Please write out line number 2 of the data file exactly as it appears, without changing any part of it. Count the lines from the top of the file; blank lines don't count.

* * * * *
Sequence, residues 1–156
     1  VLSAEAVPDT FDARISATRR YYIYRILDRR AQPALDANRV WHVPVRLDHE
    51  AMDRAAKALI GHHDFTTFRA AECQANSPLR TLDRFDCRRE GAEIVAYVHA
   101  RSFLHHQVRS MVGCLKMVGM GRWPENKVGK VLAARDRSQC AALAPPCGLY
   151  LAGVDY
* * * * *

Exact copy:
     1  VLSAEAVPDT FDARISATRR YYIYRILDRR AQPALDANRV WHVPVRLDHE